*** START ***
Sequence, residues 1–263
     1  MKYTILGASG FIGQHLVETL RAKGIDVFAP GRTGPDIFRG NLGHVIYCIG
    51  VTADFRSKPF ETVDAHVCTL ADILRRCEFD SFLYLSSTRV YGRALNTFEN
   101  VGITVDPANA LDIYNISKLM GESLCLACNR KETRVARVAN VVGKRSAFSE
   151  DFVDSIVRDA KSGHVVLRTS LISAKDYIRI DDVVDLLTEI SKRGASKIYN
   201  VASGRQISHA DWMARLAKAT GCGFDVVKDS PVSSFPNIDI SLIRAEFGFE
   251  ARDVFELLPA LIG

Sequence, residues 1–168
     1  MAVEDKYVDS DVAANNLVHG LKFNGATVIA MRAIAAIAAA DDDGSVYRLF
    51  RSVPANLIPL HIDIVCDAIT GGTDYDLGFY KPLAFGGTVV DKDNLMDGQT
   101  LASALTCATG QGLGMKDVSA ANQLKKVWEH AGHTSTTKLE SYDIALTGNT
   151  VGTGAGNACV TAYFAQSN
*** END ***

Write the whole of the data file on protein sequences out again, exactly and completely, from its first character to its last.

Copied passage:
Sequence, residues 1–263
     1  MKYTILGASG FIGQHLVETL RAKGIDVFAP GRTGPDIFRG NLGHVIYCIG
    51  VTADFRSKPF ETVDAHVCTL ADILRRCEFD SFLYLSSTRV YGRALNTFEN
   101  VGITVDPANA LDIYNISKLM GESLCLACNR KETRVARVAN VVGKRSAFSE
   151  DFVDSIVRDA KSGHVVLRTS LISAKDYIRI DDVVDLLTEI SKRGASKIYN
   201  VASGRQISHA DWMARLAKAT GCGFDVVKDS PVSSFPNIDI SLIRAEFGFE
   251  ARDVFELLPA LIG

Sequence, residues 1–168
     1  MAVEDKYVDS DVAANNLVHG LKFNGATVIA MRAIAAIAAA DDDGSVYRLF
    51  RSVPANLIPL HIDIVCDAIT GGTDYDLGFY KPLAFGGTVV DKDNLMDGQT
   101  LASALTCATG QGLGMKDVSA ANQLKKVWEH AGHTSTTKLE SYDIALTGNT
   151  VGTGAGNACV TAYFAQSN